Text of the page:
Our “farm-to-fork” food safety program is designed to maintain high standards for the food products and food preparation procedures used by our vendors and in our restaurants. We maintain product specifications for our ingredients and our Food Safety and Regulatory Compliance Department must approve all suppliers of food products to our restaurants. We use third-party and internal audits to review the food safety management programs of our vendors. We manage food safety in our restaurants through a comprehensive food safety management program that is based on the Food and Drug Administration (“FDA”) Food Code requirements. The food safety management program includes employee training, ingredient testing, documented restaurant practices, and attention to product safety at each stage of the food preparation cycle. In addition, our food safety management program uses American National Standards Institute certified food safety training programs to train our company and franchise restaurant management employees on food safety practices for our restaurants.
Supply Chain
All of our company-operated restaurants and franchisees have a long-term contract with a third-party distributor. Under this contract, the distributor will provide distribution services through seven distribution centers in the continental United States to our Jack in the Box restaurants through August 2022.
The primary commodities purchased by our restaurants are beef, poultry, pork, cheese, and produce. We monitor and purchase commodities in order to minimize the impact of fluctuations in price and supply. Contracts are entered into and commodity market positions may be secured when we consider them to be advantageous. However, certain commodities remain subject to price fluctuations. Most, if not all essential food and beverage products are available, or can be made available, upon short notice from alternative qualified suppliers.

4




Information Systems
At our corporate support center, we have financial accounting systems, human resources and payroll systems, and a communications and network infrastructure that supports corporate functions. Our restaurant software allows for daily polling of sales, inventory, and other data from the restaurants directly. Our company restaurants and traditional site franchise restaurants use standardized Windows-based touch screen point-of-sale (“POS”) platforms. These platforms allow the restaurants to accept cash, credit cards, and our re-loadable gift cards. The single POS system for all restaurants helps franchisees and brand managers adapt more quickly to meet consumer demands and introduce new products, pricing, promotions, and technologies such as the Jack in the Box mobile app, third party delivery, or any other business driving initiative while maintaining a secure, PCI compliant payment system.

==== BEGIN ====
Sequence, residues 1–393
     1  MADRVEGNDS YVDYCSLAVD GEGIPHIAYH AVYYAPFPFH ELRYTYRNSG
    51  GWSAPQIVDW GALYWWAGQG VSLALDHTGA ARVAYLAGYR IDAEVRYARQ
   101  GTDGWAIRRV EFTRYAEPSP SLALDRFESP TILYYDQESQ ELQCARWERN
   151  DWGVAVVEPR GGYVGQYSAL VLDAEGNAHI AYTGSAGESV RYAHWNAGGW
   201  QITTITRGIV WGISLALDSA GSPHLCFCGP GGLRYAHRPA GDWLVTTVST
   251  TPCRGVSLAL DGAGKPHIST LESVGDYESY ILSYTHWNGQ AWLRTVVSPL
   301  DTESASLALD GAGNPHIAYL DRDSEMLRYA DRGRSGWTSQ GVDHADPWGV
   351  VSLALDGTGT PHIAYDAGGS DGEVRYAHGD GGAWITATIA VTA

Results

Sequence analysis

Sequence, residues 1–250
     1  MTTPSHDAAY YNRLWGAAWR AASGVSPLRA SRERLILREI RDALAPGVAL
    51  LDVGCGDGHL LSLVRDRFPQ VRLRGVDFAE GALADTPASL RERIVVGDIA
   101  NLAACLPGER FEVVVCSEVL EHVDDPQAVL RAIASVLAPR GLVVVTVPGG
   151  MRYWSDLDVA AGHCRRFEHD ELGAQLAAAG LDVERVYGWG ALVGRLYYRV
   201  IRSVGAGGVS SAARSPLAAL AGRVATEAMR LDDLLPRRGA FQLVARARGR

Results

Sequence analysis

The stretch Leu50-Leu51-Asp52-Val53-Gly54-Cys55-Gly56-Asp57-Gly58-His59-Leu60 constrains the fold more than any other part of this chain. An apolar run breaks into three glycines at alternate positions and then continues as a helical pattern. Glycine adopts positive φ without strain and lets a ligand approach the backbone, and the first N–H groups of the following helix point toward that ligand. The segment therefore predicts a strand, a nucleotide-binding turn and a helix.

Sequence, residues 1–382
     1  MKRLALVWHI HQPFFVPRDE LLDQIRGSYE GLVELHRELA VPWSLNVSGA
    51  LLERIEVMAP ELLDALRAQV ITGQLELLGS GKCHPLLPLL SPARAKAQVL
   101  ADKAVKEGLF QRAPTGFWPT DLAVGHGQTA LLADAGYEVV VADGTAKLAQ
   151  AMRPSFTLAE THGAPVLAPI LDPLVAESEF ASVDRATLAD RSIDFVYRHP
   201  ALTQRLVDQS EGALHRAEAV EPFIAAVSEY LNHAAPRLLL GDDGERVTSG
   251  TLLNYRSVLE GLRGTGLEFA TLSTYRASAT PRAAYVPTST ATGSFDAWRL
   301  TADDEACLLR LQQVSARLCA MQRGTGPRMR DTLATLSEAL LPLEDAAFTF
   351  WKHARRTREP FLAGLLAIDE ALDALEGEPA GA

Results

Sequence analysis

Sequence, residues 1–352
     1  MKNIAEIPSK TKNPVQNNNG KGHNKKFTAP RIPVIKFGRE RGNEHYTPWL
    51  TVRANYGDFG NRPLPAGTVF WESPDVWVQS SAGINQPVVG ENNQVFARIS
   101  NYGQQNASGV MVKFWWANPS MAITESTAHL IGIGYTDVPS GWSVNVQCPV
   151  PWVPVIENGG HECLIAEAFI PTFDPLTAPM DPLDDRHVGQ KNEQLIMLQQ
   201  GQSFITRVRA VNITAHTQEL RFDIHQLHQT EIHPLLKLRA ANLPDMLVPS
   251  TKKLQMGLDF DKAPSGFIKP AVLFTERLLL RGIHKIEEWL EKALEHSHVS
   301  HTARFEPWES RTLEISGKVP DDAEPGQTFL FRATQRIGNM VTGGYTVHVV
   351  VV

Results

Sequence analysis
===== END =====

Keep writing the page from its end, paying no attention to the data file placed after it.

We have business intelligence systems that provide visibility to the key metrics in the operation of company and franchise restaurants. These systems play an integral role in accumulating and analyzing market information. Our company restaurants use labor scheduling systems to assist managers in managing labor hours based on forecasted sales volumes. We also have inventory management systems that enable timely and accurate deliveries of food and packaging to our restaurants. To support order accuracy and speed of service, our drive-thru restaurants use order confirmation screens.
Advertising and Promotion
We build brand awareness through our marketing and advertising programs and activities. These activities are supported primarily by financial contributions to a marketing fund from all company and franchise restaurants based on a percentage of gross sales. Activities to advertise restaurant products, promote brand awareness, and attract customers include, but are not limited to, system and regional campaigns on television, radio, and print media, as well as digital and social media. 
Employees
At September 30, 2018, we had approximately 5,200 employees, of whom 4,700 were restaurant employees, 400 were corporate personnel, and 100 were field management or administrative personnel. Employees are paid on an hourly basis, except certain restaurant management, operations and corporate management, and administrative personnel. We employ both full- and part-time restaurant employees in order to provide the flexibility necessary during peak periods of restaurant operations. We have not experienced any significant work stoppages, and we support our employees, including part-time workers, by offering industry competitive wages and benefits.
Executive Officers
The following table sets forth the name, age, position and years with the Company of each person who is an executive officer of Jack in the Box Inc. as of September 30, 2018:
Name
 
Age
 
Positions
 
Years with the
Company